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Supply Chain Cybercriminals Get Creative

ASCM CEO

Friday April 19, 2019


As supply chains become longer, more dependent and extraordinarily complex, cybercriminals are finding alarmingly innovative ways to attack them — and these strikes often trickle down to business partners, processes, information technology (IT) and equipment. Taylor Armerding writes in a recent Forbes article that attackers are increasingly aiming to leverage the relationships among supply chain stakeholders in order to breach every facet of the primary victim’s network.

“A full understanding of the sources of a given information system can be extremely complex,” Gregory Wilshusen, director of information security for the Government Accountability Office, recently testified to U.S. Congress. “The identity of each product or service provider may not be visible to others in the supply chain.”

Furthermore, according to the 2019 Global Incident Response Threat Report from cybersecurity firm Carbon Black, a growing number of attackers are using counter-incident-response techniques, such as deactivating firewalls, disabling antivirus software or deleting logs.

Armerding admits that supply chain has been “a prime attack surface for years” — the disastrous incidents at Best Buy, Delta Airlines, Sears and Target being just a few examples. However, the internet of things and the swelling number of online access points today are making it ever more crucial for networks to advance their supply chain risk management (SCRM) initiatives radically and right away.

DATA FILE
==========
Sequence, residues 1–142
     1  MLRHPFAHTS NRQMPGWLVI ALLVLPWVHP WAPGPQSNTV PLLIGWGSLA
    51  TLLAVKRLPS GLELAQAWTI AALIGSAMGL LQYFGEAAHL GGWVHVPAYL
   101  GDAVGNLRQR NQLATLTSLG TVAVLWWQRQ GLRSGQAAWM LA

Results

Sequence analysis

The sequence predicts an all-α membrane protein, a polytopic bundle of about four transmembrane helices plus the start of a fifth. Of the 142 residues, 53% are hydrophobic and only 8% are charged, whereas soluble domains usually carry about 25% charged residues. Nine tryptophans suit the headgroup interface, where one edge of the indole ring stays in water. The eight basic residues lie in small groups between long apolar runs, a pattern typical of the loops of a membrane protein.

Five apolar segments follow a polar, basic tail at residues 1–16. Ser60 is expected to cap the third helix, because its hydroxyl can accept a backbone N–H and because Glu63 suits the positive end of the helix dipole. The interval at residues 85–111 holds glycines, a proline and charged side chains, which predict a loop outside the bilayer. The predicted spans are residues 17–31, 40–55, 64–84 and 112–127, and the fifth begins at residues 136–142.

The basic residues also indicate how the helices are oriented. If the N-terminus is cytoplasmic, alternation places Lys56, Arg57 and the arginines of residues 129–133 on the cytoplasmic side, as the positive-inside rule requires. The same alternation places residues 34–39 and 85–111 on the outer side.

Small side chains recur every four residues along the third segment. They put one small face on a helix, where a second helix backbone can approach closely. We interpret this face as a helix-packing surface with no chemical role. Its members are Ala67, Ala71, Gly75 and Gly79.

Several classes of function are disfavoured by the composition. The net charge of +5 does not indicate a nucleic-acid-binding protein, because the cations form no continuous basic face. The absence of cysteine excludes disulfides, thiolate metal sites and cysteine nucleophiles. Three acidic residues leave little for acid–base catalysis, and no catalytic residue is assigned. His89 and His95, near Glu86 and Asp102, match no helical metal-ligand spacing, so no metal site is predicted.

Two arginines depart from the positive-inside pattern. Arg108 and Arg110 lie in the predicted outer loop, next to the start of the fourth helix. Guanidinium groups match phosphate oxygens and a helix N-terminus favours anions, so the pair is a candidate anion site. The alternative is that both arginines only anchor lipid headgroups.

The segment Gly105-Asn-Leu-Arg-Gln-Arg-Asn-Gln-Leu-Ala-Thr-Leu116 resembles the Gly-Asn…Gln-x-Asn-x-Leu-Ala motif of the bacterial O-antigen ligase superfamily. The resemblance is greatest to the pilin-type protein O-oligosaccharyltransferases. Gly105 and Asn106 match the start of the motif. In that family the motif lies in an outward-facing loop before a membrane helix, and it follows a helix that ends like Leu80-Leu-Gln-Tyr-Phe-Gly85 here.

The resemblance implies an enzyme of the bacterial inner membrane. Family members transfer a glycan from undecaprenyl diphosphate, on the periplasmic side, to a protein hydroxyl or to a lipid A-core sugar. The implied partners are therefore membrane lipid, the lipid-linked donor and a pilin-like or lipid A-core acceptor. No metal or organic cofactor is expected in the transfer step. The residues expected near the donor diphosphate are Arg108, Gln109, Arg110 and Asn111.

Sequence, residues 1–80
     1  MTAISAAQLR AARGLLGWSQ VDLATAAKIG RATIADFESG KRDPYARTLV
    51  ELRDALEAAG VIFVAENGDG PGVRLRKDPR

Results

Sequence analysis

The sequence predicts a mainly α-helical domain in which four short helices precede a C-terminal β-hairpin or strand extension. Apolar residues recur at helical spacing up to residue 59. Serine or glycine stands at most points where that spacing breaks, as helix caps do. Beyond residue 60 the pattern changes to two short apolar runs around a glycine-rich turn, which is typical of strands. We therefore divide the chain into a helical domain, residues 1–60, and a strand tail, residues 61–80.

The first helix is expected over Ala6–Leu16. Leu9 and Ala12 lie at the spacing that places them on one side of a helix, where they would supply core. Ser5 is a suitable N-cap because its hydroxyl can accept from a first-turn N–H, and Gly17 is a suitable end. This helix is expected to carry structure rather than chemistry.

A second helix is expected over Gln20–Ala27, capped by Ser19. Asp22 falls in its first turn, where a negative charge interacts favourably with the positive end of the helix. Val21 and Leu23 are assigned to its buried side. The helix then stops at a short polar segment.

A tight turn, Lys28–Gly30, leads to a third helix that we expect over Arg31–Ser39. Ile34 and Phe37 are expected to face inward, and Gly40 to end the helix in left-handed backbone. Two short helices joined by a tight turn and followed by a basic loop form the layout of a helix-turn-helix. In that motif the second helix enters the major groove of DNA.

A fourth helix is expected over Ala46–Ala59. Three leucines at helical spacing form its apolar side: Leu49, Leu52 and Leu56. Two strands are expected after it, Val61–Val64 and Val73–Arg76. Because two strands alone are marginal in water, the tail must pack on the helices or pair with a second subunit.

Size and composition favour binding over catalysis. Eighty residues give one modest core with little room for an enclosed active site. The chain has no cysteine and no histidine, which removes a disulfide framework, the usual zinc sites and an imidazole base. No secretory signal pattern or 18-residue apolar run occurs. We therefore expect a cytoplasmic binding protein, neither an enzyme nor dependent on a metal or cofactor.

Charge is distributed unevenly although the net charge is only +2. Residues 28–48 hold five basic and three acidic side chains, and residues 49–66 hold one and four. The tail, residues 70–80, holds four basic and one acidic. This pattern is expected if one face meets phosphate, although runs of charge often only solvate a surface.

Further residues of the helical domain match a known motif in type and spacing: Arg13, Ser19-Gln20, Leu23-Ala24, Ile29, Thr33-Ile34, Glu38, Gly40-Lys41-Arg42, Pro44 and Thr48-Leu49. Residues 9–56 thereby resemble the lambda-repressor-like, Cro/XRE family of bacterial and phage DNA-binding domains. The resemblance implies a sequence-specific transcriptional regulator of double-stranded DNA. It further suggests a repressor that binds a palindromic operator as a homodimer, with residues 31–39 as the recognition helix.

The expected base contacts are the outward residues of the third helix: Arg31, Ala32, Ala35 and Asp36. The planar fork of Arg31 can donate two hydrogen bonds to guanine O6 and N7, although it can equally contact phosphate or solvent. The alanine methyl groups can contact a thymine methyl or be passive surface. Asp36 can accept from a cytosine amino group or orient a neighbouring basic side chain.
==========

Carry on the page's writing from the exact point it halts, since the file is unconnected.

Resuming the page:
“That means knowing who is designing, manufacturing, building, delivering and supporting your enterprise IT capabilities,” Armerding advises.

Ahead of the curve

While there is no guaranteed way to prevent cyberattacks, a well-managed supply chain makes it a lot tougher for the aggressors to succeed. Whether an organization is facing cybercrime, extreme weather, resource scarcity or a health epidemic, becoming more resilient enables supply chain management professionals to overcome such disruptions.

With this kind of resilience in mind, ASCM has engaged a group of SCRM subject-matter experts in order to become the voice of record in supply chain risk and resilience. They will soon be launching a survey focused on the financial impacts of a risk event on both company and shareholder value, as well as how risk may increase or decrease as a result of adopting new technologies and what kind of returns on investment are observed. Stay tuned for key findings and insights from this initiative.

ASCM’s Risk Management Education Certificate is another way to cultivate effective SCRM strategies at your organization. This comprehensive, forward-looking program prepares you to protect your company while balancing decision-making risks and rewards. The certificate is composed of risk-management basics; assessments; governance, risk and compliance; and more. You may earn certificate hours through several different ASCM seminars and at ASCM 2019 later this year in Las Vegas. I encourage you to take this essential first step toward safeguarding your company and its valued partners.